Fear is their captor / Soldiers keep townspeople quiet— and outsiders at bay
May 23, 1994, Monday, Final Edition
BYLINE: Tom Squitieri
SECTION: NEWS; Pg. 5A
LENGTH: 503 words
DATELINE: GONAIVES, Haiti
Fear reigns in this stronghold of ousted president Jean-Bertrand Aristide, and it doesn’t take long for a visitor to notice.
Neither the soldier nor the paramilitary “attache” at the checkpoint have time for small talk. They have just one question and are determined to repeat it until they get the answer they want.
“What is your mission here?”
The answer – just to look around and see the effect of the international embargo on Haiti – isn’t good enough.
To the junta running Haiti, the less contact people in places like Gonaives have with the outside world, the easier it seems to control and terrorize.
In this coastal town about 100 miles north of Port-au-Prince, people living in slums, most of them followers of Aristide, know when to talk and when not.
They are hesitant to even drift outside, staying inside their small, tattered shacks like prisoners.
Delivery of humanitarian aid from groups like CARE and UNICEF – often the chief means of survival for the people of Gonaives – is routinely thwarted by the authorities.
“The police are always around. They will not allow us to talk with white people,” says Emmanule Adeclara, 25.
Civilian observers meet frustration in efforts to investigate reports of a massacre here of 78 people by police, military and gunmen loyal to the junta – and to follow up on similar reports in other parts of Haiti. Uncooperative authorities, checkpoints, roadblocks and, occasionally, arrests hinder their mission.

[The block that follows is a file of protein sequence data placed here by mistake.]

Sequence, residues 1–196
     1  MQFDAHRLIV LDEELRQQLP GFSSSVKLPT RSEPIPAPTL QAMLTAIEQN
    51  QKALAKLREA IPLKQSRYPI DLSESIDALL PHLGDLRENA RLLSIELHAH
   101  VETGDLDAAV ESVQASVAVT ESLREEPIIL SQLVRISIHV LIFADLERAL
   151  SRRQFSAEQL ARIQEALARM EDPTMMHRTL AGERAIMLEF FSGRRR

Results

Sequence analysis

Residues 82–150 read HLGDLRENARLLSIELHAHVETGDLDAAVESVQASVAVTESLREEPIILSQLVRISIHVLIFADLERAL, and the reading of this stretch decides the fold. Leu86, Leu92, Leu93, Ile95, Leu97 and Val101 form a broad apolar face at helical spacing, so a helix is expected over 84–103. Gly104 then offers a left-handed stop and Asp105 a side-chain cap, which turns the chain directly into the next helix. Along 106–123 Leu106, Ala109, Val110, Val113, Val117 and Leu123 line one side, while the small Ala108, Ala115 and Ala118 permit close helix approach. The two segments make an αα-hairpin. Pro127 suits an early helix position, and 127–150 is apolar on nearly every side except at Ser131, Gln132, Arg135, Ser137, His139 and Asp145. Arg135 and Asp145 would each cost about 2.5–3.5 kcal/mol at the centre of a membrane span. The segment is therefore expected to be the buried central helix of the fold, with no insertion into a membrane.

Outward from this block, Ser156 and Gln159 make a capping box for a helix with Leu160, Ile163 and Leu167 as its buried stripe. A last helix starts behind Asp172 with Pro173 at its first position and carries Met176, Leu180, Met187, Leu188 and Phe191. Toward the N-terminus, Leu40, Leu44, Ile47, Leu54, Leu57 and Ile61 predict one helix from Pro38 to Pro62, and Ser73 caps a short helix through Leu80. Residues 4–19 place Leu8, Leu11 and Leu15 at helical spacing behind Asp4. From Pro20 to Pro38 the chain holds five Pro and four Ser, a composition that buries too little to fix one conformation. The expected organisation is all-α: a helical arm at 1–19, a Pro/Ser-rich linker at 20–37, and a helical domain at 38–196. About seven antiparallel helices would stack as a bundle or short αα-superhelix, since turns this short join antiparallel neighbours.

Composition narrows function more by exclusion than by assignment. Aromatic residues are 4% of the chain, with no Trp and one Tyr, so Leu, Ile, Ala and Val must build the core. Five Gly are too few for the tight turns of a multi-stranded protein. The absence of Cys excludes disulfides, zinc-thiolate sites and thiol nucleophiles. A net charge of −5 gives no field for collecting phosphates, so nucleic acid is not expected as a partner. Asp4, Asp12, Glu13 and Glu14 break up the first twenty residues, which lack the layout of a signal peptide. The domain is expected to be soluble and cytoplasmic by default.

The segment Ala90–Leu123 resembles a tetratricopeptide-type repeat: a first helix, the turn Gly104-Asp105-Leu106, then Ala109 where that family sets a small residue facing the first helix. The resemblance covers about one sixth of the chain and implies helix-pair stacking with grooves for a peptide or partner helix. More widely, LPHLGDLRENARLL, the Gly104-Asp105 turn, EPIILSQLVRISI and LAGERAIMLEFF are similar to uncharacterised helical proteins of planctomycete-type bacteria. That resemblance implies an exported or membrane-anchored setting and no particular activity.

“It (the massacre) spread like a fire,” says Adeclara. “The police were shooting everywhere. People were just attacked.”
Nearby where the reported massacre occurred, fear among residents here is even higher.
“Something happened and I don’t know anything about it,” insists Antonite Federlis, an elderly woman. In fact, she says she knows nothing at all about the killings.
“Please, don’t bring them here,” Federlis says, meaning the police.
Earlier this month, the joint United Nations-Organization of American States mission here said the military has maintained “a virtual state of siege” in parts of northern Haiti – an area that begins in this city – since April 7.
More than 200 slayings have reportedly occurred this year, in a new wave of repression against Aristide backers.
But this time the terror has reportedly expanded to include:
— Systematic rapes, usually wives or relatives of men on the run. Last Thursday, the United Nations accused the junta of using rape as a political weapon. The junta did not respond.
— Kidnapping of activists’ children.
— Remote prisons to hold and torture backers of Aristide.
— Mutilation of bodies before dumping them in public places.
The bodies are often deliberately left where, by morning, dogs and pigs will have begun gnawing on the corpses.
“Things that were unheard of even under the worst days of the Duvalier regime are occurring on a daily basis,” says Sen. Christopher Dodd, D-Conn., chairman of the Senate Western Hemisphere panel, after a trip to Haiti this spring.